Forum:Would solving many Rosalind problems show your ability for this field in job-wise?
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12 months ago
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Hi, I have CS background and am thinking about pursuing a job in this field.

I think getting a degree is the most efficient way to achieve my goal, but I just finished my degree and don't want to do it again for a while.

I'm doing UCSD coursera bioinformatics courses and reading the biostar books to get some basic knowledge about the field. but I think that's not enough to get ready to the field even if I have some AI knowledge. that is why I decided to solve more than 200 problems on Rosalind besides my personal AI projects hoping it can be a way to show my capability on the field, but not sure it would be.

Is solving Rosalind helpful as much as solving leetcode for getting a job in common tech firm is?

Thanks

rosalind career • 2.1k views
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12 months ago
GenoMax 143k

Assuming that the stars align right your chances of landing a programming job (where you may need to write code as requested) would be better then finding a proper bioinformatics job, where you would be expected to have some background knowledge (not just rosalind problems).

Dive in to the jobs pool and see what you find. The first job is likely not going to be all you expected but it may crucially allow you to gain biology experience "on job", getting you ready for that second step down the road in a year or two. You just need to be in the right place (or apply to the right job) at the right time.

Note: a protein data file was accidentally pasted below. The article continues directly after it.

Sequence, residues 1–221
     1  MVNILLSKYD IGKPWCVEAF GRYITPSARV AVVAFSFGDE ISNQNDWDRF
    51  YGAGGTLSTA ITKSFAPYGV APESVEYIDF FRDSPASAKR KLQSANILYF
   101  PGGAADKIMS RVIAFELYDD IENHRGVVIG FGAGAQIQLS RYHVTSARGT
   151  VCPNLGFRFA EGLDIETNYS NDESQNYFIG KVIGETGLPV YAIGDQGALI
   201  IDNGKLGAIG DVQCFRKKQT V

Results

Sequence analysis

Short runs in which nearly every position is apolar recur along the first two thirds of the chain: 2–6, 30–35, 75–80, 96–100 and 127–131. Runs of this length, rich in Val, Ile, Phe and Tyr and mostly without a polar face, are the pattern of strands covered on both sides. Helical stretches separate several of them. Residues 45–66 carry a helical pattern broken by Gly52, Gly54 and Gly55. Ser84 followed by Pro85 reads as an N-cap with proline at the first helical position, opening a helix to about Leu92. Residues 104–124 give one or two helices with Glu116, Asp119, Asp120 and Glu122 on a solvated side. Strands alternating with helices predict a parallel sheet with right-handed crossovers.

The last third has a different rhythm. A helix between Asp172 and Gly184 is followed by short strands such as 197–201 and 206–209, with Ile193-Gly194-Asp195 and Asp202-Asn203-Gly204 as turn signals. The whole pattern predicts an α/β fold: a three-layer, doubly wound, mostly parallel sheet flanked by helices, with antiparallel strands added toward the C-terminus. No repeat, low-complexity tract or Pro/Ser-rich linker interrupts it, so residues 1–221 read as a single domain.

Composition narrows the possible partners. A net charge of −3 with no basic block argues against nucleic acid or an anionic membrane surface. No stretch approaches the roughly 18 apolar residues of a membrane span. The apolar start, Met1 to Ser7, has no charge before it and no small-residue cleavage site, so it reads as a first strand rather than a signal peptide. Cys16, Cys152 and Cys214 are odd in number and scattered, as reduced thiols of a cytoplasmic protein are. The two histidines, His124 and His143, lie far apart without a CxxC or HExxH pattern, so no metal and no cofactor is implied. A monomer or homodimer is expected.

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Thanks for you advice. that makes sense. "right place at the right time". that's something I should keep in my mind.

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12 months ago

What would help a lot more in contrast if you could easily redo analyses in various Bioconductor vignettes.

Work through the edger or deseq2 manuals, these have huge variety of examples - learn the lingo, terms, datatypes and I think you'd make a very strong impression.

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Thanks for your advice. it helped me a lot to have some specific idea about what to do to get ready.

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12 months ago

If I were interviewing someone who had a bio degree, then someone doing the Rosalind problems would be evidence to me of some commitment to learning bioonformatics. But in a CS person what I need is a commitment to learning bio. The Rosalind problem do that to some extent, but not particularly strongly. Instead I would think about what you can do to demonstrate a willingness and commitment to bio.

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Thanks for your advice. That's a good point I haven't thought of. Could you recommend anything? It would be very helpful. I think redoing analyses in various Bioconductor vignettes as Istvan suggested might be one of them.

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12 months ago
4galaxy77 2.8k

I'm not an employer, but I wouldnt take Rosalind seriously at all. Doing puzzles doesn't really display your real aptitutde for a bioinformatics job, as doing a bioinformatics jobs doesn't involve solving puzzles.

You would be much better off to perhaps make a github repo and write some code to replicate, or perhaps even extend, an analysis from a paper. Maybe try with RNAseq as those datasets tend to be smaller than genetic data.

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Thank you for your advice. yeah I need to enrich my github repo. Starting with RNAseq sounds reasonable.

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